Anticipatory medication

The treatment of choice is low molecular weight heparin (LMWH) in a once daily subcutaneous dose. Dose reductions may be indicated according to renal function and body weight. Novel agents such as oral or subcutaneous agents (fondaparinux/ dagabatrin etc) may be considered if indicated by the clinical context, with further specialist advice if necessary.

Other issues

Risk of thrombocytopenia

  • Platelet counts must be measured before the initiation of therapy with LMWH.
  • Platelet counts should be rechecked on day 7** to monitor for thrombocytopenia.
  • If platelet count is significantly reduced (30-50% of initial value) and/or patient develops new thrombosis or skin allergy during treatment, therapy must be discontinued immediately and consideration made of the appropriateness of alternative treatments.

** Thrombocytopenia can occur at any point between the 5th and 21st day post commencement- the clinical team should be aware that any signs of thrombocytopenia after 5 days post LMWH commencement will warrant a platelet count recheck.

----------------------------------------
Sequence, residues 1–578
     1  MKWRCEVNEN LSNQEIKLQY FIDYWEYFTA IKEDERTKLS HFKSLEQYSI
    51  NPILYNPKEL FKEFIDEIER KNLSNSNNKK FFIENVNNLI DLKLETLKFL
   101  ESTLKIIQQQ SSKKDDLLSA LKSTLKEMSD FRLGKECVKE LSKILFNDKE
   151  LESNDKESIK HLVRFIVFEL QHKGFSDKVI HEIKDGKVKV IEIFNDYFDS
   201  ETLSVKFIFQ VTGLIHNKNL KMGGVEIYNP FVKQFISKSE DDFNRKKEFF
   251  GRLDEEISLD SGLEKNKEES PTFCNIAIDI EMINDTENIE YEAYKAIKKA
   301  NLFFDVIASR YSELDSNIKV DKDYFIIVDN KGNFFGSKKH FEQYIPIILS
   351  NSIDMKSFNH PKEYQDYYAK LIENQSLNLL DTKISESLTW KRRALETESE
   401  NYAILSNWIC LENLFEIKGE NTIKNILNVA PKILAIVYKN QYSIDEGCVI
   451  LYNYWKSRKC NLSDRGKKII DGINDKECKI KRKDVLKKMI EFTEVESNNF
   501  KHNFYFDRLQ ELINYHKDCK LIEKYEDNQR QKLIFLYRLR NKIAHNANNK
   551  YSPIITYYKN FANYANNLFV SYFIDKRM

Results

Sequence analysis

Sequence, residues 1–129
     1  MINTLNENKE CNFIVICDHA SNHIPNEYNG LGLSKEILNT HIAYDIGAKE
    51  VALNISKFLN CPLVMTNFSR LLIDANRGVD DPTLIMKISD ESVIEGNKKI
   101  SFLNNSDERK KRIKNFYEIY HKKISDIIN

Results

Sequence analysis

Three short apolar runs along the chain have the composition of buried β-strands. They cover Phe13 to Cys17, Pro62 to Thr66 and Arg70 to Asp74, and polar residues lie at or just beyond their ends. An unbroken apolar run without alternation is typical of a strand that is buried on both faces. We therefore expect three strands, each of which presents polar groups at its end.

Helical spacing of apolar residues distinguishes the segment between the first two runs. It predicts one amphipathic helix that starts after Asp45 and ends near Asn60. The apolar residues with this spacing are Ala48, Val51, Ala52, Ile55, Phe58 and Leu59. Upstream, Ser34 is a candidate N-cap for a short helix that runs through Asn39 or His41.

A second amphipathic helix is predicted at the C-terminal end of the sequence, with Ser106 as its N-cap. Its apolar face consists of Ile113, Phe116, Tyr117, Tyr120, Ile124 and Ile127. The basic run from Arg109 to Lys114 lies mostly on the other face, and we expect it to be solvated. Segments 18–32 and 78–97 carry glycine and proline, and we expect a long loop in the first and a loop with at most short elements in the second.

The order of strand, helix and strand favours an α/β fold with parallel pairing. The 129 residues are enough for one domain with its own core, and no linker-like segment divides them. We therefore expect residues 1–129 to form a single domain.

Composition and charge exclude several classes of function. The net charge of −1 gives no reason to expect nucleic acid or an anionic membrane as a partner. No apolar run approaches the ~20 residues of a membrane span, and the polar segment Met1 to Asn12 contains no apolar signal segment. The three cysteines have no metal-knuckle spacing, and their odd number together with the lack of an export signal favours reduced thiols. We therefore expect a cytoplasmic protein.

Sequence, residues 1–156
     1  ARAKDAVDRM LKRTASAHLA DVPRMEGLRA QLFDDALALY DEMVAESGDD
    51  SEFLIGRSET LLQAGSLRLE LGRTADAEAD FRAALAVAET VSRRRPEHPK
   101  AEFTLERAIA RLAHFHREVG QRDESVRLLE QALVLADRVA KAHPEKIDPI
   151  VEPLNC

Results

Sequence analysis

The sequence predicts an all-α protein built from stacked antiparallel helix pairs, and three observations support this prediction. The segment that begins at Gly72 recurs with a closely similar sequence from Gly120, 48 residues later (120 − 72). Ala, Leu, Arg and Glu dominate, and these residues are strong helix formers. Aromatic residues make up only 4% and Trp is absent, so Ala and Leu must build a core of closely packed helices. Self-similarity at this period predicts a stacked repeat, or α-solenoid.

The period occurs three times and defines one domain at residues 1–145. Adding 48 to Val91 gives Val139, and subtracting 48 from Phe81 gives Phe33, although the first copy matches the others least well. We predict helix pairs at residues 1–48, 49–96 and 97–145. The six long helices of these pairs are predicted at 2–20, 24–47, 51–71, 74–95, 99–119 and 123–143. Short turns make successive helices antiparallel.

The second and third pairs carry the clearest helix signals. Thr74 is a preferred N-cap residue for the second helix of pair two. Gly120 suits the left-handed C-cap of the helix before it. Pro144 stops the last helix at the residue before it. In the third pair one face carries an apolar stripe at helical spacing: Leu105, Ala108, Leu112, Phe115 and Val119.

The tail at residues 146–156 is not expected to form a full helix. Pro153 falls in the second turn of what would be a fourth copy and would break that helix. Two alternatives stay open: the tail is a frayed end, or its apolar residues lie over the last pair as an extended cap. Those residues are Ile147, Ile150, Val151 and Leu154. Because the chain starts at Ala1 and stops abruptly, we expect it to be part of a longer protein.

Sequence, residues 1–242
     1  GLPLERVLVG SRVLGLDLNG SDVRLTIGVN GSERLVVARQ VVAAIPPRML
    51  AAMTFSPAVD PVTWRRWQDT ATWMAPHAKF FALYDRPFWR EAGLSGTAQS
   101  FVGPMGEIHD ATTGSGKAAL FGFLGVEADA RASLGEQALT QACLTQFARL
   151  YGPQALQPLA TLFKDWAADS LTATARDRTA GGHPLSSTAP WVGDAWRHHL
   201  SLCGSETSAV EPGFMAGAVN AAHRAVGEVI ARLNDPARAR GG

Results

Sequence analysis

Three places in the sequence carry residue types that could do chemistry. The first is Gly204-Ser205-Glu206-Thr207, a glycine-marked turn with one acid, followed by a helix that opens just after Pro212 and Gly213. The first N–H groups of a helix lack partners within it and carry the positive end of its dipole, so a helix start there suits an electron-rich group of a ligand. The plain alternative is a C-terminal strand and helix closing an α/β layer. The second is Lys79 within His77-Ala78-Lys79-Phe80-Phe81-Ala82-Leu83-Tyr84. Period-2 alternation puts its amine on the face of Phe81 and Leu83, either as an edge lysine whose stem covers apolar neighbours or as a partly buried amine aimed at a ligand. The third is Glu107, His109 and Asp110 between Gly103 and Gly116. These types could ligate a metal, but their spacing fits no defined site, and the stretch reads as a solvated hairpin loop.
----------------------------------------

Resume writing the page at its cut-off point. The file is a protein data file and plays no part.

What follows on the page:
Renal impairment

  • Dosage adjustments may be required for renal impairment due to accumulation of LMWH.
  • Creatinine should be checked weekly.

Hyperkalaemia

  • Heparin can suppress adrenal secretion of aldosterone leading to hyperkalaemia especially in patients with diabetes mellitus, chronic renal failure, or concomitant administration of potassium sparing drugs. Urea and electrolytes should be checked weekly.

Renal impairment

  • Dosage adjustments may be required for renal impairment due to accumulation of LMWH.
  • Creatinine should be checked weekly.

Disclaimer (SPAGG - Rewrite)

This Guide is intended for use by healthcare professionals and the expectation is that they will use clinical judgement, medical, and nursing knowledge in applying the general principles and recommendations contained within. They are not meant to replace the many available texts on the subject of palliative care.

Some of the management strategies describe the use of drugs outside their licensed indications. They are, however, established and accepted good practice. Please refer to the current BNF for further guidance.

While WMPCPS takes every care to compile accurate information , we cannot guarantee its correctness and completeness and it is subject to change. We do not accept responsibility for any loss, damage or expense resulting from the use of this information.